Another exemplary operator display 102 in accordance with the present invention is illustrated in FIG. 7. This exemplary operator display 102 shows the examination trial results for a test subject having a balance correction abnormality caused by a lower-leg proprioceptive loss. These results were also obtained by rotating the support surface backward, i.e., pitch toe-up. The exemplary operator display 102 includes six time history graphs including various response measures for the examination trial period of 1 second. In each graph, the thick solid line represents the particular response measure for the subject during an examination trial performed with the subject's eyes closed (or eyes open, or with a stabilized virtual reality scene provided to the test subject, depending on the test protocol desired). The thin solid line represents the selected response measure for a normal population during an examination trial under the same visual condition protocol. The time histories provided in the exemplary operator display 102 include time histories of the following response measures over the examination trial period: the angular rotation 103 of the support surface (in degrees of, in this case, pitch); the ankle torque 104 (in Nm, derived from signals provided by the force transducers in the support surface 26); the subject's soleus 105, tibialis anterior 106, and paraspinal 107 responses (each in millivolts, derived from the signals provided by pairs of EMG electrodes 86 placed on the subject 22); and trunk angular velocity 108 (in degrees per second of, in this case, pitch, derived from the signals provided by the body sway sensors 84 placed on the trunk of the subject 22). Anterior-posterior ankle torque 104, and soleus 105, tibialis anterior 106, and paraspinal 107 responses for the right side of the body are presented in the operator display 102. Lateral ankle torque, left side muscle responses, trunk roll angular velocity, and platform roll angle for the test period, along with other information, could also be displayed as a part of the operator display 102, or as a part of another operator display. The operator display 90 also includes the zero latency line 97, derived from the first inflexion of the support surface angular velocity, and a time line 98 extending from time 0 at the latency line 97.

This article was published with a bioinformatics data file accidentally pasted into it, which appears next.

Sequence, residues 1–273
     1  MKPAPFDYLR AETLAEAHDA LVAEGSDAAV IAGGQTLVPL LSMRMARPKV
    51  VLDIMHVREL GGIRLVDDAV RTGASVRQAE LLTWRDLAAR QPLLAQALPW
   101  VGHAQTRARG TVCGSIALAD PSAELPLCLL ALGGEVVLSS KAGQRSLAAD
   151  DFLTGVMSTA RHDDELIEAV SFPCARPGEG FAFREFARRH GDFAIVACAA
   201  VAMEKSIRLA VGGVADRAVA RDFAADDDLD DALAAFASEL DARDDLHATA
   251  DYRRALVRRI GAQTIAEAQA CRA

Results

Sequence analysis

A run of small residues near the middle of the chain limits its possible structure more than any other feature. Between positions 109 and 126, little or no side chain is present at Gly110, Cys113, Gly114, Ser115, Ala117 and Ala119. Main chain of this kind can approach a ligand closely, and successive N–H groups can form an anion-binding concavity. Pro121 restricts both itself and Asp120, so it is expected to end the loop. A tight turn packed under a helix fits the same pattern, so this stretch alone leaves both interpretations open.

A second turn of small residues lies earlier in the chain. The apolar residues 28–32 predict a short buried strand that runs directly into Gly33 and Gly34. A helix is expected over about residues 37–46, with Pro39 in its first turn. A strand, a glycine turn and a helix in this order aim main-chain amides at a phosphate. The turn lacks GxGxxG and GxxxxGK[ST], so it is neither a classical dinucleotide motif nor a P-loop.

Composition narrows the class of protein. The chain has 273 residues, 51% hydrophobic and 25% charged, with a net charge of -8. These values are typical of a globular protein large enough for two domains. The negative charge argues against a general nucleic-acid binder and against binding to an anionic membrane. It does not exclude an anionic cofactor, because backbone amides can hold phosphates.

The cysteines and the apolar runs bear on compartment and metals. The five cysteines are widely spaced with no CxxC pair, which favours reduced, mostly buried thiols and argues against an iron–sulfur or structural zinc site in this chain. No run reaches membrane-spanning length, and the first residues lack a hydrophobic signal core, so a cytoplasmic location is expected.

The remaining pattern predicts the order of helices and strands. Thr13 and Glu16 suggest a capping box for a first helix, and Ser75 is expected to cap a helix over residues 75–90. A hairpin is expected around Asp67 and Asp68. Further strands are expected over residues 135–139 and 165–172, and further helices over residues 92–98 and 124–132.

The exemplary operator display 102 allows a system operator, e.g., a physician, to compare response measures obtained from the examination trial of a test subject with the examination trial results obtained from a normal sample population under the same visual protocol conditions. In particular, to make a diagnosis, an operator may consider the following information provided on the operator display 102: the differences in the changes in ankle torque between the test subject and those of the normal population between 160 and 260 ms after the support surface moves with respect to zero latency 97, differences in the areas between the test subject's EMG responses and those of the normal population between the intervals 40-100 ms, 80-120 ms, 120-220 ms, 240-340 ms, and 350-700 ms; and increases in trunk angular velocity from the normal response. As discussed previously, large differences between the response measures obtained from the examination trial of the test subject and the examination trial results obtained from a normal sample population are preferably automatically marked on the operator display 102, using, e.g., arrows 99, plus or minus signs 100, and/or shading or highlighting 101, to indicate clearly such differences. Response measure information obtained from a variety of sources is presented to an operator in a highly readable operator display format 102. This allows the operator, e.g., a physician, to make a quick and accurate diagnosis of the presence or absence of a balance-correction abnormality. For the exemplary operator display 102 illustrated in FIG. 7, the changes in response measures between the examination trial results obtained from the test subject compared to those of the normal population indicate that the test subject has a balance correction abnormality caused by a lower-leg proprioceptive loss.